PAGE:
In TVNZ’s Journeys Across Latitude 45 South, writer and presenter Peter Hayden traverses east to west from Otago’s Waitaki Plains to George Sound in Fiordland. Hayden walks, hitches, cycles, paddles a mōkihi (a traditional Māori canoe made of reeds) and white water rafts along the 45 south line. Along the way he builds a social, industrial and natural history of latitude 45 south. From the lonely wilds of Fiordland to the tourist Mecca Queenstown, Hayden encounters the quixotic and gruff, and pioneer species of the past, present in a changing world.
Man. Dog. Sheep. This was an unlikely formula for Kiwi TV gold. Showing sheepdog trials from around the country, A Dog’s Show ran from 1977 to 1992. In each trial a farmer, armed with an array of whistles and commands, instructed a sheepdog to wrangle a flock of recalcitrant sheep along a course or into a pen while the bearded, sagacious, Swannie-clad John Gordon provided the commentary. Trivia: the opening tune is a version of the Statler Brothers song ‘Flowers on the Wall’, also used in movie Pulp Fiction.
Like the eponymous native plant this children's puppetry programme stuck to the socks of many kiwis of a certain vintage. Produced in Dunedin by TVNZ's Natural History Unit (now independent production company NHNZ) Bidibidi followed the adventures of a sheep on a South Island station for two series. Bidibidi was adapted from the children's book by Gavin Bishop. Each programme interspersed puppet scenes and musical numbers with the expected first-rate NHU-shot footage of birds and other animals that Bidibidi meets en route, from kea to skinks and bitterns.
Ovine raconteurs Robert and Sheepy made their short film debut in 2001, thanks to the stop motion magic of Guy Capper. Capper and Jemaine (Flight of the Conchords) Clement's comical duo — one loquacious, one laconic — stood out from the flock amidst 100s of entries in the trans-Tasman Nescafe Short Film Awards, sharing first prize in 2001. Further occasional installments of The Pen were made over the next decade and shown online, and in 2010 Robert and Sheepy’s woolly wisdom was brought to TV audiences as a segment in sketch show Radiradirah.
The magpie quardle oodled and the narrator uttered, "Welcome to Woolly Valley", in the intro to this children's TV classic. The low-tech puppet show with its rustic charm was familiar to a generation of kids who grew up in the 80s. It follows the lives of woolly-haired farmer Wally and his long-suffering wife Beattie, who live with talking ewe Eunice. Also featured is hippie Tussock, voiced by Russell (Count Homogenized) Smith. Woolly Valley marked an early piece of screenwriting by children's writer Margaret Mahy.
The iconic all-things-rural show is the longest running programme on New Zealand television. With its typical patient observational style (that allows stories of people and the land to gently unfold) it’s an unlikely broadcasting star, but New Zealanders continue, after 50 plus years, to tune in. Amongst the bucolic tales of farming, fishing and forestry, there are high country musters, floods, organic brewing, falconry, tobacco farming, as well as a fencing wire-playing farmer-musician, a radio-controlled dog, and Fred Dagg and the Trevs.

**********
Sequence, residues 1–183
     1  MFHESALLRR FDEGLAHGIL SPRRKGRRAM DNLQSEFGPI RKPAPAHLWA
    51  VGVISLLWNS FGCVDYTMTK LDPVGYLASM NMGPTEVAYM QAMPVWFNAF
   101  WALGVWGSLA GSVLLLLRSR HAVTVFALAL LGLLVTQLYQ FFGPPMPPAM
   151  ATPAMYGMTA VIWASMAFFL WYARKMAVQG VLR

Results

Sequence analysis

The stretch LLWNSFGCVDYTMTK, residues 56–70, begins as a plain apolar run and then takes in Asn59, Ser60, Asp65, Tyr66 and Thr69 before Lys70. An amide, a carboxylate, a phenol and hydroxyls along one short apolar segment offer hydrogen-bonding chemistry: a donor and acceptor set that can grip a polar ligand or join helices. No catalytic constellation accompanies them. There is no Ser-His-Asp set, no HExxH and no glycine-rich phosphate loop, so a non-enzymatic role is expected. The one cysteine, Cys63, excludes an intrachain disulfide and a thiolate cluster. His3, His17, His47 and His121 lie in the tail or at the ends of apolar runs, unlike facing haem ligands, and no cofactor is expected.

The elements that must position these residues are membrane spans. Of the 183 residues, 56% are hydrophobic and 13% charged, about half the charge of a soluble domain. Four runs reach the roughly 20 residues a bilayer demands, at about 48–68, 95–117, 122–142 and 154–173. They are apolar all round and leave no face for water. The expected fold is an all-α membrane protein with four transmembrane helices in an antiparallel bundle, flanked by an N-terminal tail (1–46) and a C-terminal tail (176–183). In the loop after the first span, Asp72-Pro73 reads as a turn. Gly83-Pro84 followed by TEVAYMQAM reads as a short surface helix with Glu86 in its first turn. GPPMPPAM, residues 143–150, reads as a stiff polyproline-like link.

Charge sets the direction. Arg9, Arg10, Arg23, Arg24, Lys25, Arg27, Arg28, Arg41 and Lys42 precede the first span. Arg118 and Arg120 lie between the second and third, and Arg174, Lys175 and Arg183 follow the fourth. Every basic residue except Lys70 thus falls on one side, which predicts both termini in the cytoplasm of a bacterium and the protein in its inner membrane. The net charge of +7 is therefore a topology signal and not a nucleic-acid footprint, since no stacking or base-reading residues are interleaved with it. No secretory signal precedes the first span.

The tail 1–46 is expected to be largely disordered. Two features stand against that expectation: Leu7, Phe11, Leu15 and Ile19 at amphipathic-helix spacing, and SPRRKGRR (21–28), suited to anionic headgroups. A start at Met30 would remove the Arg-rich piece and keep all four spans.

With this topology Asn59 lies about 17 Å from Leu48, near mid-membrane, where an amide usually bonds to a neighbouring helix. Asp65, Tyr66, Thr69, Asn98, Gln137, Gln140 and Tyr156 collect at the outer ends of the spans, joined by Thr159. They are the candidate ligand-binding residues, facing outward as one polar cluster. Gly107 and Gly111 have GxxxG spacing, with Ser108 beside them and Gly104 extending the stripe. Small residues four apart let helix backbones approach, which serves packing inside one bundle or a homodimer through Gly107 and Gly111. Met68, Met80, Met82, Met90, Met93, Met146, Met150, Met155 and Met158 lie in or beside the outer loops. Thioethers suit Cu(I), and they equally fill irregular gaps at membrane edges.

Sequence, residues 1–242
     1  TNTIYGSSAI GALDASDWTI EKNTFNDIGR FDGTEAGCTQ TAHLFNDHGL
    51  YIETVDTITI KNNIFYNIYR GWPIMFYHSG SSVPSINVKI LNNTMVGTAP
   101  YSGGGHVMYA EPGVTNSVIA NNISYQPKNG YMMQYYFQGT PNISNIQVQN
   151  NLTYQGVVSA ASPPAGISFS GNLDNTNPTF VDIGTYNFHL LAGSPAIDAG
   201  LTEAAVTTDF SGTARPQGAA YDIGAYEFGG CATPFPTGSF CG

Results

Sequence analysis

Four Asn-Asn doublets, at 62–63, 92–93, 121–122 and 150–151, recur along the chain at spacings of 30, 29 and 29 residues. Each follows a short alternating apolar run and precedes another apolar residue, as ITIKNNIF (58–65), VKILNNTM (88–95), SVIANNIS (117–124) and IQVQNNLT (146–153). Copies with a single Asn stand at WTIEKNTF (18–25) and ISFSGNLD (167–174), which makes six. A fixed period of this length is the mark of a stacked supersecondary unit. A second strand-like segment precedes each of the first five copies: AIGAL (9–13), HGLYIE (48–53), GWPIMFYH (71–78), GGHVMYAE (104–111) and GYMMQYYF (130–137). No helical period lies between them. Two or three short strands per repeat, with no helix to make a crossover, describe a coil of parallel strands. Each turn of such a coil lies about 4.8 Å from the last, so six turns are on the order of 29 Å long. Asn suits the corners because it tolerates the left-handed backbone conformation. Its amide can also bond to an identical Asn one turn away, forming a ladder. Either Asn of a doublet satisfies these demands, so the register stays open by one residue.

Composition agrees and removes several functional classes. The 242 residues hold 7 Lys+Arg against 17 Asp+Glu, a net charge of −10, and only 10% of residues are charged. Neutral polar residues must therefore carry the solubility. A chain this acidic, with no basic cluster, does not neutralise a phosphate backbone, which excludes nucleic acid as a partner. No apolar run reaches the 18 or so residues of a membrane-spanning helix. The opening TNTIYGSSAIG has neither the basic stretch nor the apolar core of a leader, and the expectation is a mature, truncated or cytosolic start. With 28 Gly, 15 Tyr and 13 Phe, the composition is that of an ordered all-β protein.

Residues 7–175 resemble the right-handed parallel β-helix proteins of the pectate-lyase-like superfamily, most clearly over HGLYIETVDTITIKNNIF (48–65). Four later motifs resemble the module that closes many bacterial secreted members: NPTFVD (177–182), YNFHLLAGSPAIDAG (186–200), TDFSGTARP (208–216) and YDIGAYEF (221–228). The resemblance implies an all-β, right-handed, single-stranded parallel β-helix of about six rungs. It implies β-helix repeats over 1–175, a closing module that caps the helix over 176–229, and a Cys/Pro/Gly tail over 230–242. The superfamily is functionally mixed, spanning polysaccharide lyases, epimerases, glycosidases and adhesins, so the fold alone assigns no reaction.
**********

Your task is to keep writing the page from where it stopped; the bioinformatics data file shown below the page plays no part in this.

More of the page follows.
The five-part series told the story of colonial outlaw James Mackenzie: accused of rustling 1000 sheep in the high country that would bear his name. His escapades on the lam elevated him to folk hero status. Like producer John McRae’s prior series, Hunter’s Gold, the South Pacific Television ‘prestige’ drama was made with export in mind. Adapted from James McNeish’s book, the early co-production — with Scottish TV, where the opening episode was shot — imported Caledonian lead actor James Cosmo (Braveheart, Game of Thrones) and veteran UK TV director Joan Craft.
This madcap, Qantas award-winning TV2 children's show gives young inventors the opportunity to realise their ideas. It was created by Neil Stichbury and Luke Nola after their zany inventions show for kids, The Goober Brothers, had viewers sending in their own suggestions. There's serious intent in the mayhem with practical science explanations and intellectual property safeguarded. Contributors over six series (to 2012) have included engineer Chris Chitty (creator of animatronic sheep for the film Babe) and Sam Britten (son of motorcycle designer John Britten).
After several years working for TV3, animator and creature creator Cameron Chittock decided to create his own children's series. Plans for a live action show involving puppets proved unfeasible; instead Oscar and his two imaginary friends were brought to life with a mixture of stop motion and traditional animation. Chittock worked with veteran Euan Frizzell, and enlisted Aardman legend Richard Starzak (Shaun the Sheep) to help train up the Kiwi animation team. The 26 five-minute episodes screened in New Zealand and abroad, including the UK, USA and Australia.
Set amidst the 'friendly' 1974 Commonwealth Games, The Games Affair was a thriller fantasy series for children. Remembered fondly by many who were kids in the 70s, the story follows three teenagers who battle a miscreant professor who's experimenting on athletes with performance enhancing drugs. Alongside the young heroes the series featured John Bach as a grunting villain, a youthful Elizabeth McRae, and SFX jumping sheep. It was NZ telly’s first children’s serial, the first independently produced long-form drama, and an early credit for producer John Barnett.